A court could make the argument that since the Maryland ban isn’t a total ban on rifles in the home, or even semi-auto rifles, it is not a total ban. Therefore it should be subject to some level of scrutiny to determine it’s constitutionality. Inevitably, the court would go through 1A law and find ample support for subjecting the law to intermediate scrutiny. Then, inevitably again, they would find that the government interest is appropriately fitted to the means, and the law is constitutional.

    This is basically the reasoning of every other court that has upheld a gun control law. Also, every other court did it before the 4th Circuit made their decision, so it’s not like they didn’t know about this reasoning.

    Their reasoning is not my reading of the law, but it’s not the out there opinion that the 4th Circuit decided to go with. Instead, they just made up the “it’s similar to something the military uses, so it isn’t protected at all” test. And their level of reasoning would mean that all magazine fed semi-auto handguns could be banned because they aren’t even protected at all under the 2A. That is the exact opposite of the ruling in Heller. It couldn’t be more opposite. Their decision couldn’t be any more idiotic.

  18. … because they are “ ‘like’ ‘M-16 rifles’ and ‘most useful in military service.’

    Don’t all guns shoot bullets?

  19. It’s silly to go so far in the weeds into a Second Amendment debate. It’s obvious what it says, and it’s obvious that it is for the purpose of protecting the people from their government. Pose Comitatus is supposed to keep the government from operating in a military fashion within our borders with automatic weapons. So the police are NOT allowed to have military hardware, but the individual citizen is GUARANTEED that right. When you have both Pose Comitatus AND the Second Amendment enshrined in the Constitution, the purpose is clear. This isn’t up for debate. We have only supporters and denouncers of the Second Amendment. The people who say: “I am a supporter of the Second Amendment, but……” are people who want to repeal the Second Amendment. There are no buts in this debate. You either believe that all weapons should be protected all the time or you fail to see why it is important to have protections against one’s own government.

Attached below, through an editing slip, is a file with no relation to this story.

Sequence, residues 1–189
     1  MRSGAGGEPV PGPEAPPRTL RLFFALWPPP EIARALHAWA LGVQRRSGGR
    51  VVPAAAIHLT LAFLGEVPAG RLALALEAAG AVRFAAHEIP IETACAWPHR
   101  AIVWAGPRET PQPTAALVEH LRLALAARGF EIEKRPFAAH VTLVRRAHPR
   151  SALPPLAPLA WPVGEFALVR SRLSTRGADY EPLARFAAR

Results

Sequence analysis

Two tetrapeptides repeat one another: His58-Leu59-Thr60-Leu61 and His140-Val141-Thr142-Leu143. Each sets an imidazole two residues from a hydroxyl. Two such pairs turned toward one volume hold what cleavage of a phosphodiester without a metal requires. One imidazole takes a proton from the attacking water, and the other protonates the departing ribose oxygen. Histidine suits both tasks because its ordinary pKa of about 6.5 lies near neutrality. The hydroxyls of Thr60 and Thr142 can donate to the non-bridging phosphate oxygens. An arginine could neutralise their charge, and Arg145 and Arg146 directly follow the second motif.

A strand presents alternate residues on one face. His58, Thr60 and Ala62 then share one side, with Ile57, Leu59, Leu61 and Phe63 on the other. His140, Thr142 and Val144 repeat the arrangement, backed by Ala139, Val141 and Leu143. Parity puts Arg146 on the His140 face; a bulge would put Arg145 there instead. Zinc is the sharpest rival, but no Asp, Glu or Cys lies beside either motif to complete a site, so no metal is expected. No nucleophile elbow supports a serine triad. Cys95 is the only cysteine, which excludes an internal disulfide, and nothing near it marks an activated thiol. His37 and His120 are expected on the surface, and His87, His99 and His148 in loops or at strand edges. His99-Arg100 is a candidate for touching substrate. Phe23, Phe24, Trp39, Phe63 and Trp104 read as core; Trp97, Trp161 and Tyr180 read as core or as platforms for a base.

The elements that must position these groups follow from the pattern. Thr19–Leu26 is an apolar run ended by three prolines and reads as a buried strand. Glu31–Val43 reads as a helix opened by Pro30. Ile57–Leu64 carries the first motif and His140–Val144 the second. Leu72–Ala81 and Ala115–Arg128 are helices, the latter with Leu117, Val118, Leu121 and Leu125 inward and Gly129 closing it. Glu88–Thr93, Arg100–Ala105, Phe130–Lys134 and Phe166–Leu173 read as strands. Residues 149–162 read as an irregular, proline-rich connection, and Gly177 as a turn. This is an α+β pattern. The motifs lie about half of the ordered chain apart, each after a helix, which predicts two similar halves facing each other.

So instead I will ask why there are no checks and balances on a judiciary that refuses to perform its only concrete task: defend the Constitutional rights of American citizens.

    • Pose Comitatus – Not in the Constitution.

      “So instead I will ask why there are no checks and balances on a judiciary that refuses to perform its only concrete task: defend the Constitutional rights of American citizens.” – Given that the judiciary has other tasks that are spelled out in the Constitution, I don’t know what you mean by “only concrete task.”